Monday, August 15, 2011

Drama: An Actor's Education by John Lithgow



Why I read it: An unexpected interest in teh author's life. I'd been following him for more than two decades without realizing it.

Summary: Actor John Lithgow's autobiography covers everything from his first stage appearance at age 2 to the present day, detailing the influences on his life that have created the actor he has become today.

My Thoughts: My first remembered experience with John Lithgow was watching the movie The World According to Garp. Although I was far too young, at 11 years old, to truly understand the finer points of the film (and I still don't understand most of what John Irving wrote about; I also saw Hotel New Hampshire around that time and was equally baffled, though Witches of Eastwick certainly was a blast), just the notion of tall, broad-shouldered Lithgow playing the cross-dressing Roberta Muldoon, a former football player, was enough to make me remember the name and the face.

Then, despite the fact that he played a major role in Footloose, one of the signature movies of my generation, I lost track of John Lithgow for years. I now know why.

Movies are not his love. It's "legitimate" theater, backdrops and footlights, blocked-out scenes, curtain calls and final bows that make him feel at home. And what a life he has led.

The story begins with his father's passion for the theater, and how that passion was instilled in the son. Throughout his life, especially the younger years, Lithgow's dad is there, sometimes in the forefront as a co-conspirator, sometimes in the background with a word of encouragement, and sometimes without. I wouldn't describe their relationship as a roller coaster, as the love never faded, but distance, both physically and emotionally, wavers and changes through time.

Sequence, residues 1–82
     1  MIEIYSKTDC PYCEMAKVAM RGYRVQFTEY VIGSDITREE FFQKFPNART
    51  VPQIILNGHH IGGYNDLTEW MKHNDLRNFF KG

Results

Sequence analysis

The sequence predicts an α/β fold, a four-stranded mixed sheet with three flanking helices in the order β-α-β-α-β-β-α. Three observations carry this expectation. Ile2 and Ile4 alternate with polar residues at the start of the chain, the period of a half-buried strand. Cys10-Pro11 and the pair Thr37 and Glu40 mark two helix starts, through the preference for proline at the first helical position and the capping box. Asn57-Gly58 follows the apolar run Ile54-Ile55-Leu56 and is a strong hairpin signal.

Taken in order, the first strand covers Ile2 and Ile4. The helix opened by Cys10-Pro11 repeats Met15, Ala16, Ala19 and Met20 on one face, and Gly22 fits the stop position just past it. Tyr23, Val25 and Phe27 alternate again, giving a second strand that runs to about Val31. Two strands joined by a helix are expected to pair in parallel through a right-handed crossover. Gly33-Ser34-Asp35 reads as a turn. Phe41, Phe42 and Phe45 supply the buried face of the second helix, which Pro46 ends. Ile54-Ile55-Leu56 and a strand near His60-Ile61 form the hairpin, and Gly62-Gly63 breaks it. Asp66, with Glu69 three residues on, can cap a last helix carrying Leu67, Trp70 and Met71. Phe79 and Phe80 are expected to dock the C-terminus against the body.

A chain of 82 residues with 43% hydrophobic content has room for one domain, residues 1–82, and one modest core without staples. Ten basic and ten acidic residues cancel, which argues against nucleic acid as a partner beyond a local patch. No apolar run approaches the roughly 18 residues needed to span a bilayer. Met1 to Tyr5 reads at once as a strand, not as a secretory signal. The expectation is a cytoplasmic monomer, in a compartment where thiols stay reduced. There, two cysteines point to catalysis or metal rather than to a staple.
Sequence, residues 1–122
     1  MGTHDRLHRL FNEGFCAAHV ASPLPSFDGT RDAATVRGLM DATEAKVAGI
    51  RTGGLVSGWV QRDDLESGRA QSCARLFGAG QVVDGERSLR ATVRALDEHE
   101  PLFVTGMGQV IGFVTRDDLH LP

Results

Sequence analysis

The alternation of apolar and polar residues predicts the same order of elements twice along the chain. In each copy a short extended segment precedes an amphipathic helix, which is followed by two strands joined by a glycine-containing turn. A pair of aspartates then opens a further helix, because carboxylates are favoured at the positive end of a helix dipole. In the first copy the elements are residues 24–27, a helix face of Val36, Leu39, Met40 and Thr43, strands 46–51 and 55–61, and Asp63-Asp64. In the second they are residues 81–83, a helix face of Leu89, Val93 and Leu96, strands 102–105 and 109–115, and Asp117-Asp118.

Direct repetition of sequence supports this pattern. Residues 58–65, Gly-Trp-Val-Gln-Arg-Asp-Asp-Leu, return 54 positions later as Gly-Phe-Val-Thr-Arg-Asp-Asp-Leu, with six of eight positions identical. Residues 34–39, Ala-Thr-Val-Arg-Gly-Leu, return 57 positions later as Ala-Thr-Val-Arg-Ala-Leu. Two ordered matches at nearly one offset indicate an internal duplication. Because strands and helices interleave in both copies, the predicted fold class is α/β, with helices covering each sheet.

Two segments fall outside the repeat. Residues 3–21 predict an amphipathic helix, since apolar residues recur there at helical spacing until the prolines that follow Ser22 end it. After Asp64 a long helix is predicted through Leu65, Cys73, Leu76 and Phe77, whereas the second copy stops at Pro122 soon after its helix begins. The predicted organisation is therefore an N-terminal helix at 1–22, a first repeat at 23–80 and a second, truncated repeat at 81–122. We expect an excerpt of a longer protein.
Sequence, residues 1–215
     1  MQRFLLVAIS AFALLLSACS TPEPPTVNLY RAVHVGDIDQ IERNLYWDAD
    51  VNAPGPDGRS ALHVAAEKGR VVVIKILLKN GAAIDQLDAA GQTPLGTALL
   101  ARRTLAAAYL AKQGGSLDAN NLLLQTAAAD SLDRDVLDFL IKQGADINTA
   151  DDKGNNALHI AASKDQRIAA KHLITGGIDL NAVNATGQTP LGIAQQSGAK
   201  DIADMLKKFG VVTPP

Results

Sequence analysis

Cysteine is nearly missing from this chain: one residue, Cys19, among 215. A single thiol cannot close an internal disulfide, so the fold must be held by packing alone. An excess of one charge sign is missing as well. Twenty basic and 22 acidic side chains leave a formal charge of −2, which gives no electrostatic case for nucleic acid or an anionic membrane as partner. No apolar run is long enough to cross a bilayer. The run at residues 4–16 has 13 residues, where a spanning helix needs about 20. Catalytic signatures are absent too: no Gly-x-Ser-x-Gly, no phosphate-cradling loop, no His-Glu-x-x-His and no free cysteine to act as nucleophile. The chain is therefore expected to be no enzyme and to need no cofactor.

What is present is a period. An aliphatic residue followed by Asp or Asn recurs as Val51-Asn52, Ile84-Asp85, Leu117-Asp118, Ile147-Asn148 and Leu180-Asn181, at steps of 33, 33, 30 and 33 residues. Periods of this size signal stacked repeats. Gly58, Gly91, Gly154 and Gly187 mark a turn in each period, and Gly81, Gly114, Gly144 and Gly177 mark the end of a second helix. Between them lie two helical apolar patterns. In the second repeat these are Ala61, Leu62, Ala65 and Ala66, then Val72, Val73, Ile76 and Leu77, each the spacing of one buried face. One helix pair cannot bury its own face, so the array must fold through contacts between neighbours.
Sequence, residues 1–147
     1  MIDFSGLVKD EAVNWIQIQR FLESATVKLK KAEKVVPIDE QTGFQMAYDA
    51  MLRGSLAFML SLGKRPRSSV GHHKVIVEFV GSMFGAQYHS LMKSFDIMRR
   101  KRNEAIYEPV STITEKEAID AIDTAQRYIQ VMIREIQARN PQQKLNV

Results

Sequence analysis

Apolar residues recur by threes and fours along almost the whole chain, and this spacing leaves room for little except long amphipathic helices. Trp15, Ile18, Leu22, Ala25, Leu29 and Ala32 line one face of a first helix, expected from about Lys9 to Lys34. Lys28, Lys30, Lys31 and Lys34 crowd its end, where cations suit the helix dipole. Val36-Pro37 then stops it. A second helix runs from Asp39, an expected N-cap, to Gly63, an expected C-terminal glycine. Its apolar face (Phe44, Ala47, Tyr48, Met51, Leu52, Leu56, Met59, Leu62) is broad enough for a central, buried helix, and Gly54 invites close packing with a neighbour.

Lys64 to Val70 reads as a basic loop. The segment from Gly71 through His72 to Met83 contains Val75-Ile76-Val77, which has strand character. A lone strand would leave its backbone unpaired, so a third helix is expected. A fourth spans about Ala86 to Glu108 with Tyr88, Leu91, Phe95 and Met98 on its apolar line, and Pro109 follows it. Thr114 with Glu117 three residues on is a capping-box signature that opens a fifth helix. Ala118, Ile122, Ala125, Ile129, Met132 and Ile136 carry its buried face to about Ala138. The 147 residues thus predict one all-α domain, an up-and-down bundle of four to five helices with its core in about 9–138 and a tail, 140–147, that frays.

I'm sad knowing that I may never see the best of John Lithgow. Theater is such an in-the-moment experience, and, while he is still hard at work, some of the roles he describes in his book are now simply gone, remembered by the relative few who had the pleasure of seeing them live. Yes, there were times when he shouted "You're gorgeous!" standing in front of a mirror as Dr. Dick Solomon in the television show 3rd Rock from the Sun that made me fall out of my chair, and the moment he shared with John Cleese on a golf course on that show is permanently etched in my memory, but these were mere tiny glimpses into the actor's life.

Personally, there are the local connections, his roots in Massachusetts. There's a momentary rush of the blood when a celebrity mentions a local landmark, despite the silliness of thinking it's anything special. They inhabit the same earth we do, of course. But the notion that as a child he played on Laurel Hill in Stockbridge puts a smile on my face. I climbed Laurel Hill this year for the first time; adding Lithgow's footsteps brings historicity to that already special place.

It's wonderful to read about a passionate person chasing down their dreams, and this book was one of those experiences.

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